Knowing a few things about obscure sports trivia — and the more obscure the better — not only makes you the envy of your fanatic friends, but also can land you a few bucks (or free drinks) as the winner of a cagey bar bet. The trick is to select a category that others might have a difficult time guessing or even making sense of. Here the career stats leaders in five of the most obscure categories.
Grounded into double plays
Take career grounded into double plays for example. Logically, most astute baseball fans would assume the all-time leader would be someone slow afoot, such as a catcher. In my day, the slowest player I can remember is catcher Gus Triandos. In his 13-year MLB career, he stole one base. As my father would say, “He ran like he had a piano on his back.”
But the all-time leader in GIDP is not a catcher, it’s Cal Ripken Jr., who had 350 6-4-3s (or some variant) in his 21-year career. Of the top 10 GIDP leaders, only one is a catcher; Ivan Rodriguez, who is runnerup with 337 GIDPs. As catchers go, Pudge was relatively fleet afoot, nabbing 25 stolen bases in 1999.
As a trivia buster, this particular question is somewhat of a work in progress given the fact that Albert Pujols is still active and will no doubt overtake Ripken. With 323 double plays to his credit, the former Cardinal great may pass Ripen by the end of the 2016 season.
Think for a minute who would be the career leader in sacrifice flies? It would have to be a player who hit in the middle of the lineup behind teammates who are likely to be on base (also giving a lot of RBI opportunities). An uppercut swing would help as well as playing in a ballpark with a large outfield.
Our winner is Eddie Murray with 128 SFs to his credit. That’s one more than the aforementioned Ripken and five more than Brewers Hall of Famer Robin Yount. While there is no easy way to determine who Murray drove on with those sacrifice flies, here’s one unscientific measure: In 1983, Murray had nine SFs, which tied for his seasonal high water mark. Data from the 1983 season showed that Murray likely drove in Ripken (121 runs scored, leading the team) as well as outfielders Dan Ford and Al Bumbry (each with 52 runs scored).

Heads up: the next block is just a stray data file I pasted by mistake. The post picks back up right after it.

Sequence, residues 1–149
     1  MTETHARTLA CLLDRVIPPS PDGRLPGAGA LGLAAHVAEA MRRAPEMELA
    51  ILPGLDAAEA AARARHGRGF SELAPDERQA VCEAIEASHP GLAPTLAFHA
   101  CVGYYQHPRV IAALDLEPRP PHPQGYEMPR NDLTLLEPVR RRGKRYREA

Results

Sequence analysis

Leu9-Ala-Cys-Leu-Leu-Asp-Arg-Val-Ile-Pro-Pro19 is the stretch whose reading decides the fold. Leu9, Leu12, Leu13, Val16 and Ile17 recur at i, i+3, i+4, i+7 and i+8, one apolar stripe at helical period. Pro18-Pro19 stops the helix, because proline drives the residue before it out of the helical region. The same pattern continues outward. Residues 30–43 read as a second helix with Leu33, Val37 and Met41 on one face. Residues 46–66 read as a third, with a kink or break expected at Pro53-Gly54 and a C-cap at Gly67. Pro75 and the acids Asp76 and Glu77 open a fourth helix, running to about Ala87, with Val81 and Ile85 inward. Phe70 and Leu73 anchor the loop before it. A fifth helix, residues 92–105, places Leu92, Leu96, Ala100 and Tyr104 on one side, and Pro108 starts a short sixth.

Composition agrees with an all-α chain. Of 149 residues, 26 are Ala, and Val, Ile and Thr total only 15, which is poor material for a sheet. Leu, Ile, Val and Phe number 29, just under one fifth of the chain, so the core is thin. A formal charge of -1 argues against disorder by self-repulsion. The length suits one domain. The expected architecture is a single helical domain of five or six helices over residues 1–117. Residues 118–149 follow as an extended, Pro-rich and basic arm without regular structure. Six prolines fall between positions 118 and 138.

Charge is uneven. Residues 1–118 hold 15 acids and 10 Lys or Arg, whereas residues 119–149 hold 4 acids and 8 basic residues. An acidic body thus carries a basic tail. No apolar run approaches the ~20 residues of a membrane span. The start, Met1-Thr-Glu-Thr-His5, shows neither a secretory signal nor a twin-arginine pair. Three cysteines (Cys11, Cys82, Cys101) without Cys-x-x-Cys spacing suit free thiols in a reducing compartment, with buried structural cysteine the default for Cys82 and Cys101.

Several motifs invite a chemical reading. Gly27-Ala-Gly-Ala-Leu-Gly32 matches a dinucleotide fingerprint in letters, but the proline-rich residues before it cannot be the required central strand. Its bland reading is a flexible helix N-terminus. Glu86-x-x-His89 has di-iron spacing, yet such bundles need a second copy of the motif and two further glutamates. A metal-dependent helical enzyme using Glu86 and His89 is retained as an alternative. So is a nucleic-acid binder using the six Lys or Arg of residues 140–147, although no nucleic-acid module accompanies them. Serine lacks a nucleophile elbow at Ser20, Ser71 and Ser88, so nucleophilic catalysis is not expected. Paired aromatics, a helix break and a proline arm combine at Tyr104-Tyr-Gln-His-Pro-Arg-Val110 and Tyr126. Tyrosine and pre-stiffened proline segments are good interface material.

The ballpark factor also comes into play; the team played at Memorial Stadium until 1997 (Murray’s last season) and was known for some rather deep power alleys. Left center and right center were each 446 from home plate, making it ideal for sacrifice fly hitters.
Betting on the career leader in wild pitches could end up in a bar room brawl unless you are careful. Yes, Nolan Ryan makes sense, and if you want to include players who pitched “after the dead ball era,” he’s your man with 277 WPs. But, if we are being all inclusive, our winner is Tony “The Count” Mullane who hurled from 1881–1894 for Cleveland and Detroit.
Twice a 20-game winner, Mullane threw 343 wild ones, which meant he either had a trick pitch that baffled catchers or he was a precursor to Ricky “Wild Thing” Vaughn. Sticking to players born after the Model T hit the road, Phil Niekro is second behind Ryan followed by Jack Morris. Apparently, wild pitches won’t keep you out of the Hall of Fame as both Ryan and Niekro are enshrined in Cooperstown.
Hit by pitch
The same pre-20th and post-20th Century rule comes into play when we look at all-time leaders in getting hit by pitch (aka the Black and Blue Award). Hughie Jennings, a shortstop at the turn of the century, played for five teams in his 26-year career, and was plunked 287 times. In the modern era, our nod goes to Astros Hall of Famer Craig Biggio, who was given a HBP free pass to first 285 times.
If you want to impress your buddies, here’s a spinoff fact: While Biggio is the all-time leader in getting hit, Ron Hunt of the Mets, Giants, Expos, and Cardinals led the league in getting hit a record seven times including one season (1971) in which he was hit 50 times. Ouch. Biggio, who lead the league in getting hit five times, saw 34 plunks as his highest seasonal total.
A balk is one of those calls an umpire only makes a handful of times in a season. It’s also a pitching transgression that defies interpretation. Because it’s considered a judgement call, it is not reviewable under current MLB guidelines, making it much more mysterious. With left handers clearly most likely to break the rules attempting to pick off a runner taking a large lead off the first-base bag, it makes sense that a lefty is the all-time career leader in balks.
Hall of Famer Steve Carlton of the Cardinals, Phillies, and later the Giants, White Sox, and Twins, is your king of balks with 90 in his career. His top year was 1979, when he had a league-leading 11 balks and won 18 games. Bob Welch, who primarily pitched for the Dodgers and later for Oakland, is second with 45. Of the top 15 all-time balk leaders, only three are left handers. Go figure.